5. High-poly Modeling
There are a lot of things that need to be sculpted using ZBrush, and through self-learning, I have mastered some of the methods. My sculpting idea is to make chamfers and add some cracks and other details to give the object a sense of ageing while ensuring the hardness of structures.
The process of carving the boards was relatively smooth, but it was more difficult to carve the rocks, which had to restore the shape of the original painting and also conform to the natural formation pattern of the rocks. After continuous modifications, the final result was not bad.
6. UV Baking of Low-poly Model
First, in order to change the mid-poly model to low-poly model, you can delete useless lines, faces and points. For models that are sculptured excessively, you can use ZBrush to make adjustments. Then start to set the smooth group and split UV. Set smoothing group in the faces with too sharp angle, and the UV must be separated in the places where the smoothing groups are different, otherwise there may be black surface or bad effect when baking normal. There are many reasons for the error in the final result (smoothing group in wrong places, normal direction, high-poly and low-poly model matching, etc.), so we can only correct the errors one by one.
7. Making of Materials
Before importing the model into Substance Painter, the preparation work must also be done. I had a large number of models, so in order to meet the pixel accuracy of 1 cubic meter/512*512, I divided the model into 12 parts and gave 12 material balls to each part, so that I could operate in 12 layers after importing the models into Substance Painter.
My process of making mapping is customarily divided into these steps: create a folder → add a mask for selection → add a fill layer to fill the basic inherent color → add smart materials / mapping resources for fine-tuning changes → add dirty stains (dirty stain generator) → add object relationships (AO generator) → add the upper white and lower black visual effects of the overall object (location generator) → edge wear (metal edge generator) → add details such as dirt. If there are unnatural places, you can add the painting layer to modify.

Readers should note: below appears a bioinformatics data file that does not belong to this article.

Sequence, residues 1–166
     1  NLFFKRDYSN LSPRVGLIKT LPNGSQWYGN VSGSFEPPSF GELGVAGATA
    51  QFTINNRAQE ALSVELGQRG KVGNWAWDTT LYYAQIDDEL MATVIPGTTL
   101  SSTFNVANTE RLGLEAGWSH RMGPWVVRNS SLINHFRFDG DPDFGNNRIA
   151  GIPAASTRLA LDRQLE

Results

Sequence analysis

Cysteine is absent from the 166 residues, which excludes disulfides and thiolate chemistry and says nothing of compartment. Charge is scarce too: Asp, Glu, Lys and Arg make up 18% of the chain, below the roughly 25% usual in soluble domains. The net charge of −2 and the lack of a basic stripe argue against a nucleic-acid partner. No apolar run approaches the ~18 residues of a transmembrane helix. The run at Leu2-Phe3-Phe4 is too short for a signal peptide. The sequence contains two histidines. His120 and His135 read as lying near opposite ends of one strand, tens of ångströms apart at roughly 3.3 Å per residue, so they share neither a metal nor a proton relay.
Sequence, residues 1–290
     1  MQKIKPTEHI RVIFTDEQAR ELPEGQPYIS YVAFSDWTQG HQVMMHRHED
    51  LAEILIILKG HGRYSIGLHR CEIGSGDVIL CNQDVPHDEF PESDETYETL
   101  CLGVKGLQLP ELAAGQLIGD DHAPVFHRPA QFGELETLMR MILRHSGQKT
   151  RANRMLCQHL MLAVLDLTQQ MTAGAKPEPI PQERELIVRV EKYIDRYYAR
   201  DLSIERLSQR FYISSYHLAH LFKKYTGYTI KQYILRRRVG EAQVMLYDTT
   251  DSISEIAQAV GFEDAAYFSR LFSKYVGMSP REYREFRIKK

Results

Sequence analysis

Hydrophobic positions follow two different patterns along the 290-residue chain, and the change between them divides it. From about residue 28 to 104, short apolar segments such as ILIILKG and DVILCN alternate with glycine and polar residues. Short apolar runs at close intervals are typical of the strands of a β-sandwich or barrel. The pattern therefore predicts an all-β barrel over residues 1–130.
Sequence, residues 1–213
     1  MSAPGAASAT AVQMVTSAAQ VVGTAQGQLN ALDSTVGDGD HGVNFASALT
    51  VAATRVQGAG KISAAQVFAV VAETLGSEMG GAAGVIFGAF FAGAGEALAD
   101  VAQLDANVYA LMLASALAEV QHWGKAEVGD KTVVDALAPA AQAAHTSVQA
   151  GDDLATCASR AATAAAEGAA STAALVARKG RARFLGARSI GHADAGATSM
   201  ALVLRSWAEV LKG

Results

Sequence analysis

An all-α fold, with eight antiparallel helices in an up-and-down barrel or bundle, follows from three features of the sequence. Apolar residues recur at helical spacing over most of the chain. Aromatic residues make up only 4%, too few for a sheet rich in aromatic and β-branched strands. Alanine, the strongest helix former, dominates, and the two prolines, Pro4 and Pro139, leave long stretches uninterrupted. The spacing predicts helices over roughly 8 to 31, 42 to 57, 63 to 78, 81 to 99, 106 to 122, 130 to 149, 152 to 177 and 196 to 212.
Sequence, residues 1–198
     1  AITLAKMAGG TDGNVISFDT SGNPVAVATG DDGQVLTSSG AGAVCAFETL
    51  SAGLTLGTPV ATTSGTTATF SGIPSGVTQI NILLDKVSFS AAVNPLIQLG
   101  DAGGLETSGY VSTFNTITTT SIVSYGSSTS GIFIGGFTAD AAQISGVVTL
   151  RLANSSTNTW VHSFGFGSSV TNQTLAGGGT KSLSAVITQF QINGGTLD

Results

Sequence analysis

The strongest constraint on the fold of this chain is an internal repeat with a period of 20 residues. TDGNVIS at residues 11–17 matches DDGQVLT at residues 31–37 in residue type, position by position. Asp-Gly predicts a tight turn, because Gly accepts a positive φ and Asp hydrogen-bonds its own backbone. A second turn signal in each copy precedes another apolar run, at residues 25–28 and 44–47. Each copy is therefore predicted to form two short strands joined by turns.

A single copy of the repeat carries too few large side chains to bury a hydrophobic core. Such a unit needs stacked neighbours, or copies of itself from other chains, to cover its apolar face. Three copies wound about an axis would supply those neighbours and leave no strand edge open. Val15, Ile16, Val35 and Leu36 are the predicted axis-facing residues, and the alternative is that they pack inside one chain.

The last thing is to organize the files and rendering. The texture files exported from Substance Painter must be named well and organized in a uniform way, otherwise it is a waste of time to modify the names and paths again.
After organizing all the files into a new model folder, I put the model into the Marmoset Toolbag for the final rendering. Through the study of fog effects and lighting, I put warm light in the scene according to the reference, and cold light behind it for contrast between warm and cold, but I also made the stone look too bright, which was modified and improved after the teacher reminded me. Although the final result was not particularly impressive, I finished the project in a moderate way, and it was still very fulfilling to see the final result.
Finally, I am very grateful to my teacher and classmates for their help to complete such a scene. The above is the experience sharing of my whole production process. Although I encountered some difficulties during the process, I finally solved them successfully after hard work. I also hope that I can correct mistakes and make progress in the future based on my previous experience.